Is location-based marketing a 'must have'?

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The gloves are off
The gloves are off

Location-based marketing allows brands to target individual consumers when they're literally in the neighborhood. Our experts discuss whether it's a necessity for marketers

Matt Murphy

Founder, executive director, Fusion92
12-plus years of interactive experience

Yes. It correlates directly with the most salient trends in marketing — namely, the importance of leveraging new channels to engage directly with customers to provide them with authentic and beneficial brand experiences.

Moreover, since location-based marketing relies on the continually evolving mobile platform, marketers have a dynamic vehicle with which to reach consumers, initiate a measurable dialogue and build a lasting relationship at the point-of-purchase. Whether it's through a loyalty-based program that leverages proximity-based applications, such as Foursquare, or through applications and SMS-based advertisements that determine user location to deliver targeted offers and coupons, marketers can now influence purchasing decisions at the most critical stage of the buying cycle. Brand marketers must also keep in mind that the vibrancy of the mobile experience will continue to facilitate the next stage of its development — mobile commerce. It is only a matter of time before our ability to purchase goods through our phones matches the ubiquity of e-commerce. Proximity will play a large role in making this a reality.

Finally, it's impossible to ignore the supplemental benefits of early adoption of location-based marketing practices. With the emergence of social and digital media, as well as symbiotic practices like proximity marketing, brands of all sizes have the opportunity to shake their perception as laggards and emerge as innovators.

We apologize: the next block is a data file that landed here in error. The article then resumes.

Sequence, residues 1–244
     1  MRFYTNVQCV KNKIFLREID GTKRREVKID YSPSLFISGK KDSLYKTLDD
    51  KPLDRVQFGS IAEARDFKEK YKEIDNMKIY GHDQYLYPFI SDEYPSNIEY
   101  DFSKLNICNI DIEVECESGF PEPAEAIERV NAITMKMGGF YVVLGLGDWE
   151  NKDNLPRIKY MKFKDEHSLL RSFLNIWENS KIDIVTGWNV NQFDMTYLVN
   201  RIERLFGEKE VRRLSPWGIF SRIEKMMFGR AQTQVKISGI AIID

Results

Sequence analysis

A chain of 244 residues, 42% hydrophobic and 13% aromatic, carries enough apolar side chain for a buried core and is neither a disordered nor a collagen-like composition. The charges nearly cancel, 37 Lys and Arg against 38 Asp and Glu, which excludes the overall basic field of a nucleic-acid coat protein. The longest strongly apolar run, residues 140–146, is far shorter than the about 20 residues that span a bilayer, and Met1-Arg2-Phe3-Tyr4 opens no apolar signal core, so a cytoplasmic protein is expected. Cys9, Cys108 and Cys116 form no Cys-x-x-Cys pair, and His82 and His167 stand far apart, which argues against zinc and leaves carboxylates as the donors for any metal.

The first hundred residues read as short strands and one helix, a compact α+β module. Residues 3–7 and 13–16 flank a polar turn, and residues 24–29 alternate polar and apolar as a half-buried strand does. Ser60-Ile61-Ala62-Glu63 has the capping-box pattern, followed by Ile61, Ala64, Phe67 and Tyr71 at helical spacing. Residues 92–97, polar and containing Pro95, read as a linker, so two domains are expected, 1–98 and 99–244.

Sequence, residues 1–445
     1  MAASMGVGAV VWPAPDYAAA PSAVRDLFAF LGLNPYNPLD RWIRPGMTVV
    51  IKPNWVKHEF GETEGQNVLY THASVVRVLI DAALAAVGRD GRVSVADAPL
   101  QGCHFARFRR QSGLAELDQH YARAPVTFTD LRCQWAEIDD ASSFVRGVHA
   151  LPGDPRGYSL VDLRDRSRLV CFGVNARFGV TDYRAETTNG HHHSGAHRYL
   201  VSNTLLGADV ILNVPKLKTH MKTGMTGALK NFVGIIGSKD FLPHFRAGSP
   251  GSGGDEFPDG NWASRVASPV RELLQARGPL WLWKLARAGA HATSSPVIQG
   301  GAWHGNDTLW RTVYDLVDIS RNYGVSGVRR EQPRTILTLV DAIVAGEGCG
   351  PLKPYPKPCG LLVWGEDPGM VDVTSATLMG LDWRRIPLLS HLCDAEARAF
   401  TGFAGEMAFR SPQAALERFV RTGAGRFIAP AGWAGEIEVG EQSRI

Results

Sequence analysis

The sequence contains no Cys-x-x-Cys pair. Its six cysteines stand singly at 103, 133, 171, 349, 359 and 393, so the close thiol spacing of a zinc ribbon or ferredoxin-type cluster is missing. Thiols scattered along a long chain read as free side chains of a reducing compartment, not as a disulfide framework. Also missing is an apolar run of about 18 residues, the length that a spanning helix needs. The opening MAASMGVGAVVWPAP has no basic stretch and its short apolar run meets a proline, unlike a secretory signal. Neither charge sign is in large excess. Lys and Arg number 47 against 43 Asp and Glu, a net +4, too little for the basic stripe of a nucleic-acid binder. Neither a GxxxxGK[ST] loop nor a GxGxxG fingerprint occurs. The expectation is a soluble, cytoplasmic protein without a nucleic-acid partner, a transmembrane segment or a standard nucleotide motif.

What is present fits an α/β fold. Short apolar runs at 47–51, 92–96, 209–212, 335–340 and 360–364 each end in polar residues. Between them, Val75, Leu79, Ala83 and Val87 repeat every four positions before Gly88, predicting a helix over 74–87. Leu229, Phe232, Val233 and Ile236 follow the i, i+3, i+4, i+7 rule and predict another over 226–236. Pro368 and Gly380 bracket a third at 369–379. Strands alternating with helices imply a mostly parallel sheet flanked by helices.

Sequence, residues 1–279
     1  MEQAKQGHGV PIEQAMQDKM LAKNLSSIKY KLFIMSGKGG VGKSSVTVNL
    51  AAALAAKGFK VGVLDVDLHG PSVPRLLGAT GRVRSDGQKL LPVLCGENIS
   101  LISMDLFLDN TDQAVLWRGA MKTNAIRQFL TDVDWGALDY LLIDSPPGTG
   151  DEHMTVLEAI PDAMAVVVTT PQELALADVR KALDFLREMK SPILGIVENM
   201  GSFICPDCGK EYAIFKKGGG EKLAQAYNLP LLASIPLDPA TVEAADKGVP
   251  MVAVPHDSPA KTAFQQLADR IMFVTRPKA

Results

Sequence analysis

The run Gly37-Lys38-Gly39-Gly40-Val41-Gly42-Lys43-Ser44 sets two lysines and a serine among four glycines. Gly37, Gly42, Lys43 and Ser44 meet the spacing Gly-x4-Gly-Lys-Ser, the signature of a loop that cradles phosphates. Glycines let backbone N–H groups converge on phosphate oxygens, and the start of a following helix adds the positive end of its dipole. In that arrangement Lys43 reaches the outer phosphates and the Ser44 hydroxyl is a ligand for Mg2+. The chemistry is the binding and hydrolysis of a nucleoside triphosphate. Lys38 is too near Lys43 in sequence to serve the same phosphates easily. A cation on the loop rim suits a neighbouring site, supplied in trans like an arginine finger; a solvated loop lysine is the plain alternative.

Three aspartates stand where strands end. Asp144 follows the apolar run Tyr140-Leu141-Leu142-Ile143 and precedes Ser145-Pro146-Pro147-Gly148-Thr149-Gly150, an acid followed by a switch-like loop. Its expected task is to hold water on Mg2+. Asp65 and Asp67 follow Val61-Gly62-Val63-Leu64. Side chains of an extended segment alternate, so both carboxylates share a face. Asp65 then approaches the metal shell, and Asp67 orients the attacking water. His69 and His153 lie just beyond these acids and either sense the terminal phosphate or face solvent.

Bryon Morrison

President, Ipsh
Nearly two decades of marketing industry experience

No. I'd tap the brakes.

Yes, “location” is important – it's one of the four “Ps” for goodness sakes – but I'm not writing to marketers grounded enough to still remember what the four “Ps” stand for (product, promotion, price and placement).

Instead, I'm talking to the folks who view location-based marketing as a shiny new toy. Location should be priority one for some brands – and eventually it will be relevant for nearly all marketers – but at this stage, if you're not committed to using location-based marketing correctly, it can be riddled with pitfalls.

Do consumers trust your brand enough to opt-in to a two-way dialogue with you on their phone? Can you provide a value exchange that makes it worthwhile for a consumer to opt-in? Are you going to prepare for success to ensure that an interaction with your brand is valuable several months after the first interaction?

Does your company have many locations or associated connections with locations, for example sponsorships?

If you answered “yes” to these questions, then you've probably already met with a specialist; gathered learnings from programs executed in communities like FourSquare, Brightkite or Gowalla; and are planning to build a location-based marketing database this year.

If you answered “no” to these questions and you thought this whole article was about a guy in a gorilla suit waving traffic into a store, then relax. You've got time.


Marketers should not rush into location-based marketing just because other marketers are doing it. They should first consider whether the strategy is applicable to their brands, depending on the number of their locations and the type of relationship they have with consumers.

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